Every week Hannibal Tabu (journalist/blogger/novelist/poet/karaoke host/jackass on Twitter) goes to a comic book store called Comics Ink in Culver City, CA (Overland and Braddock -- hey Steve, Jason, Vince and Quislet) and grabs a whole lotta comics. These periodicals are quickly sorted (how?) into two piles -- the "buy" pile (a small pile most weeks, comprised of planned purchases) and the "read" pile (often huge, often including comics that are really crappy but have some value to stay abreast of). Thursday afternoons you'll be able to get his thoughts (and they're just the opinions of one guy, so calm down) about all of that...which goes something like this...


Deadpool #24

(Marvel Comics)

In the wilds of Vegas, Deadpool's got a plan that's got little to do with heroics and a lot to do with a kind of Kansas City Shuffle involving large armored suits and heavy amounts of property damage. Appearing as new armored hero Wildcard, he alternatively thrills and terrifies the powers that be behind Sin City (apologies to Frank Miller), while telling people how it is ("DO you honestly think you have a choice?") and having a blast on somebody else's dime. The plot twists more deftly than a water moccasin in gloved hands, so you'll likely feel like you're on a roller coaster the first time and enjoy it even more on subsequent reads. Daniel Way turns in another witty, crafty script and the artwork from Carlo Barberi, Juan Vlasco and Marte Gracia shines.

Fables #96

(Vertigo/DC Comics)

This issue delves deeper into the hidden history of two sisters, Snow White and Rose Red, looking at their quest for status, ironically hooked on the same kinds of fairy tales they ultimately became. You'll get a look at the Seven Dwarfs that Disney would surely never approve, and find Snow White's history plagued by assassination attempts and improper advances. This leaves an interesting hanging plot element and introduces all kinds of rich backstories to characters that you might have felt comfortable with, but now realize have all kinds of unrevealed layers. The Eisner-winning team of Bill Willingham, Mark Buckingham, Steve Leialoha, Andrew Pepoy and Lee Loughridge turn in another winner.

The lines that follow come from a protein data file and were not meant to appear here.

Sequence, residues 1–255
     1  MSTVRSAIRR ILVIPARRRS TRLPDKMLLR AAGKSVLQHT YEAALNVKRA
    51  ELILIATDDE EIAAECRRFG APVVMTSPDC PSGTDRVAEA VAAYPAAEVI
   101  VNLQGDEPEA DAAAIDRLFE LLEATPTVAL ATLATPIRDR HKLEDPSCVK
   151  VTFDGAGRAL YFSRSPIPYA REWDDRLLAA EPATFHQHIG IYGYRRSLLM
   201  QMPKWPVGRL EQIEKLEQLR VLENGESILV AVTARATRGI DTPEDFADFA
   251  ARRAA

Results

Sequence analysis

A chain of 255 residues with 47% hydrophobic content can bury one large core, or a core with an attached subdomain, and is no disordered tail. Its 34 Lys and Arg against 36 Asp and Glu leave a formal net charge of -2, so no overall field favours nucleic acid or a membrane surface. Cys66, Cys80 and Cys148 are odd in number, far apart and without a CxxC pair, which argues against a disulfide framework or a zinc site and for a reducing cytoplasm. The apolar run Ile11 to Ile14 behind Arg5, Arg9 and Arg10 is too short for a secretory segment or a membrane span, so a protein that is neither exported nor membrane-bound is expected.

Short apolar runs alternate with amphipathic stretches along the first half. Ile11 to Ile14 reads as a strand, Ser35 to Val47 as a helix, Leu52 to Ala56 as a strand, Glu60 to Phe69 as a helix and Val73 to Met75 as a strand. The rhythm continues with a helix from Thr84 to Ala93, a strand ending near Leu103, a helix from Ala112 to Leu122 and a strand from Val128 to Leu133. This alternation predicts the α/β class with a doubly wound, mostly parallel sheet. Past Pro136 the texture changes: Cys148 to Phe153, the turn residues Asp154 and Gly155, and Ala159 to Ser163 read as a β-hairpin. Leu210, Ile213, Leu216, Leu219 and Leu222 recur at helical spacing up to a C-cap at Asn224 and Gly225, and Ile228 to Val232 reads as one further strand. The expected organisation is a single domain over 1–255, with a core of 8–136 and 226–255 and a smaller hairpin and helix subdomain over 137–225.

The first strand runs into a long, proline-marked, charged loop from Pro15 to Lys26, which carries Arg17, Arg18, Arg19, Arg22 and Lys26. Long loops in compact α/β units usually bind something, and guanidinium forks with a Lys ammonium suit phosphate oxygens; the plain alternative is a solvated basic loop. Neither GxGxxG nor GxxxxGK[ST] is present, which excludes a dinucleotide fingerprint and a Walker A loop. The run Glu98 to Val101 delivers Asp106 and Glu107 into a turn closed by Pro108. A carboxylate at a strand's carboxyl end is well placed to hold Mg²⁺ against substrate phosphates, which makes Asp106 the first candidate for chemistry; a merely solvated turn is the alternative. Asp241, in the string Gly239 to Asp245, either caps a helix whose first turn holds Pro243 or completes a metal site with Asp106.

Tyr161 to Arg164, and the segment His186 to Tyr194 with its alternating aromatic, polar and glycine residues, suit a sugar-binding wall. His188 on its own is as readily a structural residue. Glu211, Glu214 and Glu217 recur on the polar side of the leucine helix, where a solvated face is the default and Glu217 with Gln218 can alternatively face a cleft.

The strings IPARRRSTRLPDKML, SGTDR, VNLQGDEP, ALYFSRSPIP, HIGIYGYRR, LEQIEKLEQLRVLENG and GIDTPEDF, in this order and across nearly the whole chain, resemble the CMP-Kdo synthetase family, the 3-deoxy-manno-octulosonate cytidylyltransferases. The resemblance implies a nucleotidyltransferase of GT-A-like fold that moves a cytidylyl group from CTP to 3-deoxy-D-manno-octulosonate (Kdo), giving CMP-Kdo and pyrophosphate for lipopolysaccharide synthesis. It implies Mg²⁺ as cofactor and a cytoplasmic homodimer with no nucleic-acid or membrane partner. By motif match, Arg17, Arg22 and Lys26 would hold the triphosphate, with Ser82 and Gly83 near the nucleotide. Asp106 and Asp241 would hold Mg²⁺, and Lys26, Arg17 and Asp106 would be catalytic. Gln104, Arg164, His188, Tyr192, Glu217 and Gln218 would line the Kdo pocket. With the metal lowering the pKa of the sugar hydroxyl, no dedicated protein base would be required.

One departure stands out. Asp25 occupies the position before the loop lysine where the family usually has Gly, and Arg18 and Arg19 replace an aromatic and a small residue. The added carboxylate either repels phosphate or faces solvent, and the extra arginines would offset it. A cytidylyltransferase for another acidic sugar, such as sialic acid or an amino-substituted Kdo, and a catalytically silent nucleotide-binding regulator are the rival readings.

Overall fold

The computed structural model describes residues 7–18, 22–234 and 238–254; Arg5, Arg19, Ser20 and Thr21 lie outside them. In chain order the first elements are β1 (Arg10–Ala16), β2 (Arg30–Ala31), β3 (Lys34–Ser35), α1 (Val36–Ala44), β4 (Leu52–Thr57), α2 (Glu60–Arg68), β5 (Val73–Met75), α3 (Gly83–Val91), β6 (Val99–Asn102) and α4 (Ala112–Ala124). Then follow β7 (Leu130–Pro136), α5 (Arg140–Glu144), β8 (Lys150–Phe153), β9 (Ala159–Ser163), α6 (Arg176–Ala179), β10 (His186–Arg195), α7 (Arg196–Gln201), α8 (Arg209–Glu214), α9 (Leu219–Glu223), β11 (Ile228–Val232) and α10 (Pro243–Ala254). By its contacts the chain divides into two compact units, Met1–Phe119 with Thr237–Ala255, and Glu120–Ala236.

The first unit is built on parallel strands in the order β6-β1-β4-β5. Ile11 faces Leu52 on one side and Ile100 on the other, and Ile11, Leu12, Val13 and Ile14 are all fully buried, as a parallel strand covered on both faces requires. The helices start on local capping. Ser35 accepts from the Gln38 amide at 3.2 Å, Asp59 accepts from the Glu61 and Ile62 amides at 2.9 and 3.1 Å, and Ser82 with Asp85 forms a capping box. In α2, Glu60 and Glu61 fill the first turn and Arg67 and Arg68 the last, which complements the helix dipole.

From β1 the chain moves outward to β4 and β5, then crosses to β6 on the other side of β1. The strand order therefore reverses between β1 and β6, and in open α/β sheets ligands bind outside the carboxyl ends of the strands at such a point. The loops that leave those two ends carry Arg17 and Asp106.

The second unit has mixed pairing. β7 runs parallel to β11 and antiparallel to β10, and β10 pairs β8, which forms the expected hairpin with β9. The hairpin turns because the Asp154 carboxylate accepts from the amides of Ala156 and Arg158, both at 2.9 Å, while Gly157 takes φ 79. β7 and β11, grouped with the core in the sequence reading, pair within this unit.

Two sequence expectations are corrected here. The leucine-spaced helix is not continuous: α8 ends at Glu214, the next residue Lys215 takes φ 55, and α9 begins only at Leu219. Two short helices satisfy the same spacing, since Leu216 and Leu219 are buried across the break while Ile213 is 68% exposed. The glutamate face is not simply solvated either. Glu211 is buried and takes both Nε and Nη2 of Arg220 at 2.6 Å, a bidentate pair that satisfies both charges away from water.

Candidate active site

Official Handbook of the Marvel Universe: A to Z Update #2

(Marvel Comics)

There are characters here that -- like the depths of Rose Red and Snow White -- are shown to reveal nuances and fascination. Fat Cobra is profiled here, and dude, nobody can deny the awesomeness of Fat Cobra. Derek Khanata, you're a pretty cool dude. American Eagle seems to transcend the wackness of his name, even, with the tie in to a historical parallel. Then there's characters where you have to look at the biographies printed here and ask, "dude, why?" Really, Lady Bullseye? You're gonna spontaneously develop this amazing accuracy, and run around in an outfit that Lil Kim would consider "too far." You really wanted to get stuck as a squirrel, Deathurge? Did you really never develop any other ideas about your life, Attuma? You wanted to pick a hero to be the opposite of, Black Spectre? You chose Moon Knight? After all that stuff, it's still not clear what's up with those wacky brass frogs. There's ups and downs here, much like any experience in a fictional universe, and there's tons of interesting stuff here, and even the dumbness of the Marquis of Death can be chuckled at with this kind of distance.

R.E.B.E.L.S. #17

(DC Comics)

Jump from the Read Pile. There's a lot going on, in a good way. Vril Dox, as always, is one crafty bastard. His new green eyed associate's dealing with some family problems, two neophyte Green Lanterns try to do a kind of Reggie Hammond shtick, Lyrl Dox has a hand in starting a huge dose of trouble and everybody seems to be balancing their levels of unhappiness, the essence of diplomacy. There's just the right balance of elements here with a plot that's intricate but moves on smartly. Tony Bedard knows how to balance a large cast with vibrant artwork from Sergio Arino, Scott Hanna and Jose Villarrubia.


All solid, all good stuff.


Honorable Mentions: Stuff worth noting, even if it's not good enough to buy

If you like westerns, "Pale Horse" #1 will do it for you. It's a very solid and serviceable tale of vengeance and frontier justice with rough hewn artwork that's perfect for the style of narrative. Very close to making the mark even though this column does not lean in a "western" direction.